Dental veneers are very thin layer of material placed on a tooth to correct its shape or its colour. The materials used by dentists are either porcelain or composite. But how thin are veneers really?

It is important to note out that there are several types of porcelains that may be used in dentistry to restore teeth. There are also different types of composites. Depending of the material used, veneers can have a thickness from 0.3 mm to 1.0 mm, or even more depending on how much correction a tooth needs.

In perspective, contact lenses have a thickness of 30 to 10 micrometers (0.03 to 0.1 mm). Thefore dental veneers are much more thick than contact lenses in the miniature world.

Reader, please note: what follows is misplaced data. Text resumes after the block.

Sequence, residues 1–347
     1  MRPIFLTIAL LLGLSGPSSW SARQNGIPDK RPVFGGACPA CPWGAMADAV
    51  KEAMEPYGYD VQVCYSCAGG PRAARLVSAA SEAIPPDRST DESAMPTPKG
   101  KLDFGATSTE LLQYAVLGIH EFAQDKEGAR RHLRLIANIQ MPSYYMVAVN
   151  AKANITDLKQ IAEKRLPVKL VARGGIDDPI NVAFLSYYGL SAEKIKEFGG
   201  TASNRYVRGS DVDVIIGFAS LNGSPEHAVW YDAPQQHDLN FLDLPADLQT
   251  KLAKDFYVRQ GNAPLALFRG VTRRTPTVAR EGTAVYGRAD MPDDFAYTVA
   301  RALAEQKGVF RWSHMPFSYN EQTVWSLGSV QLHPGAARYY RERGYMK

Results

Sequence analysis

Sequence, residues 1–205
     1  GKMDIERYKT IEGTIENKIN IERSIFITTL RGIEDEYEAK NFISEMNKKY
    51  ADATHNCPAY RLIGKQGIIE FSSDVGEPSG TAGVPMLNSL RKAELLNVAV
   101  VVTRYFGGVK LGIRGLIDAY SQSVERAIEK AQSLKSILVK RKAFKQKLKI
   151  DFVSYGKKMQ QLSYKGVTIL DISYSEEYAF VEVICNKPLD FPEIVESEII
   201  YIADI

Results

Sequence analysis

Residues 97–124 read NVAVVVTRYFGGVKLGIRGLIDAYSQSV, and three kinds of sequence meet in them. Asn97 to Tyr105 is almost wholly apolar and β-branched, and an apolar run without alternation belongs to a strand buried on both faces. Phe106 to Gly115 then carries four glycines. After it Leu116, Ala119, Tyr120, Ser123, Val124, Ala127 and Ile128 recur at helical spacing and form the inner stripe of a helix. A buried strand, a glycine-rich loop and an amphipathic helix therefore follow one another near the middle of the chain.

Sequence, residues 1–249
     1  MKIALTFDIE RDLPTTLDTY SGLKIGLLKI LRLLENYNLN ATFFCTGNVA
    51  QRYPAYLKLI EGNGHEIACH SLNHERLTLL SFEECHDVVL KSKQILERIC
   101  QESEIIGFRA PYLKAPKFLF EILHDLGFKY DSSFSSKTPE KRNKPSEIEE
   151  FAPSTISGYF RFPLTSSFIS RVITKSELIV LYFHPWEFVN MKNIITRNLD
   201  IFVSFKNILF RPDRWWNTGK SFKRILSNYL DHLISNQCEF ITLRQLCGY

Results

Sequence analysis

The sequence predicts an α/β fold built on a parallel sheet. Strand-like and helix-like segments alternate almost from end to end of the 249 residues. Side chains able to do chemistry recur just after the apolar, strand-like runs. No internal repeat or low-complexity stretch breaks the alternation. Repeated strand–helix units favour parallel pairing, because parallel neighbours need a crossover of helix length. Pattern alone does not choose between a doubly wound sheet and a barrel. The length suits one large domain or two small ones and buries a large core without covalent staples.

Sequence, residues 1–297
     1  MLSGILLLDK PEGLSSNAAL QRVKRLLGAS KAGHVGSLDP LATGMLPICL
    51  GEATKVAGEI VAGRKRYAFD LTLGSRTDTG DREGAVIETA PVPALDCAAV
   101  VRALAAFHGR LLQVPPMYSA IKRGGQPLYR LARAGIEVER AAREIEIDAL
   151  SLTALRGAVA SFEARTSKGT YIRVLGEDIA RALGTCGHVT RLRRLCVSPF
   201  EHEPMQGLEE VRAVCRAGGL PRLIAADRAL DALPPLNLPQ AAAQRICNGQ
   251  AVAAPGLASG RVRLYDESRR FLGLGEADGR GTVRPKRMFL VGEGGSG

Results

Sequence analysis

If a tooth is highly discoloured, 0.3 mm might not be enough for a veneer to correct the colour. Research suggests that 0.8 mm is required for masking severe tooth discolouration, including a 0.4 mm core and 0.4 mm veneer.

Also, for patients who suffer from bruxism (teeth grinding), thicker layers of porcelain are required for veneers not to break.


  1. Niloofar Shadman, Saeideh Gorji Kandi, Shahram Farzin Ebrahimi, and Maryam Azizi Shoul, The minimum thickness of a multilayer porcelain restoration required for masking severe tooth discoloration, Dent Res J (Isfahan). 2015 Nov-Dec; 12(6): 562–568.

The information above should be used as a reference only. Any medical decision should not be taken before consulting a health care professional.

Category: Q & A